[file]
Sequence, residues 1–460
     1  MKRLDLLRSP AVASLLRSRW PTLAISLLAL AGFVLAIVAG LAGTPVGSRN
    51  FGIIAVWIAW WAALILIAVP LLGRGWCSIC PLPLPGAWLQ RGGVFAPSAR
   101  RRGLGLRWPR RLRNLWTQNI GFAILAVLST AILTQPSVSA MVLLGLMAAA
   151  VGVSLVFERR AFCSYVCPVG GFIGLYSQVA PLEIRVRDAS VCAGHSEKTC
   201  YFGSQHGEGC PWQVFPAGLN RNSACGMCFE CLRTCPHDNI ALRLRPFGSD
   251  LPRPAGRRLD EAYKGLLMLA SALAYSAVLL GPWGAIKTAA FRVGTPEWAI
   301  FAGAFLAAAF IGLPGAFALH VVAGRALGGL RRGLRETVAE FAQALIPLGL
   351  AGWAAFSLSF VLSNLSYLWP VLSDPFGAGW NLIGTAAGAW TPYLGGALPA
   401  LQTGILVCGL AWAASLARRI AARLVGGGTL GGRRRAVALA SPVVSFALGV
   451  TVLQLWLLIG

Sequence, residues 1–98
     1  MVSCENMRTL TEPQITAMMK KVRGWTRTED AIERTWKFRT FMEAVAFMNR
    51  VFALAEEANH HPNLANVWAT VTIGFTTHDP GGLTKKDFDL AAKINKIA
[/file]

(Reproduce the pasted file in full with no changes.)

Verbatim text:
Sequence, residues 1–460
     1  MKRLDLLRSP AVASLLRSRW PTLAISLLAL AGFVLAIVAG LAGTPVGSRN
    51  FGIIAVWIAW WAALILIAVP LLGRGWCSIC PLPLPGAWLQ RGGVFAPSAR
   101  RRGLGLRWPR RLRNLWTQNI GFAILAVLST AILTQPSVSA MVLLGLMAAA
   151  VGVSLVFERR AFCSYVCPVG GFIGLYSQVA PLEIRVRDAS VCAGHSEKTC
   201  YFGSQHGEGC PWQVFPAGLN RNSACGMCFE CLRTCPHDNI ALRLRPFGSD
   251  LPRPAGRRLD EAYKGLLMLA SALAYSAVLL GPWGAIKTAA FRVGTPEWAI
   301  FAGAFLAAAF IGLPGAFALH VVAGRALGGL RRGLRETVAE FAQALIPLGL
   351  AGWAAFSLSF VLSNLSYLWP VLSDPFGAGW NLIGTAAGAW TPYLGGALPA
   401  LQTGILVCGL AWAASLARRI AARLVGGGTL GGRRRAVALA SPVVSFALGV
   451  TVLQLWLLIG

Sequence, residues 1–98
     1  MVSCENMRTL TEPQITAMMK KVRGWTRTED AIERTWKFRT FMEAVAFMNR
    51  VFALAEEANH HPNLANVWAT VTIGFTTHDP GGLTKKDFDL AAKINKIA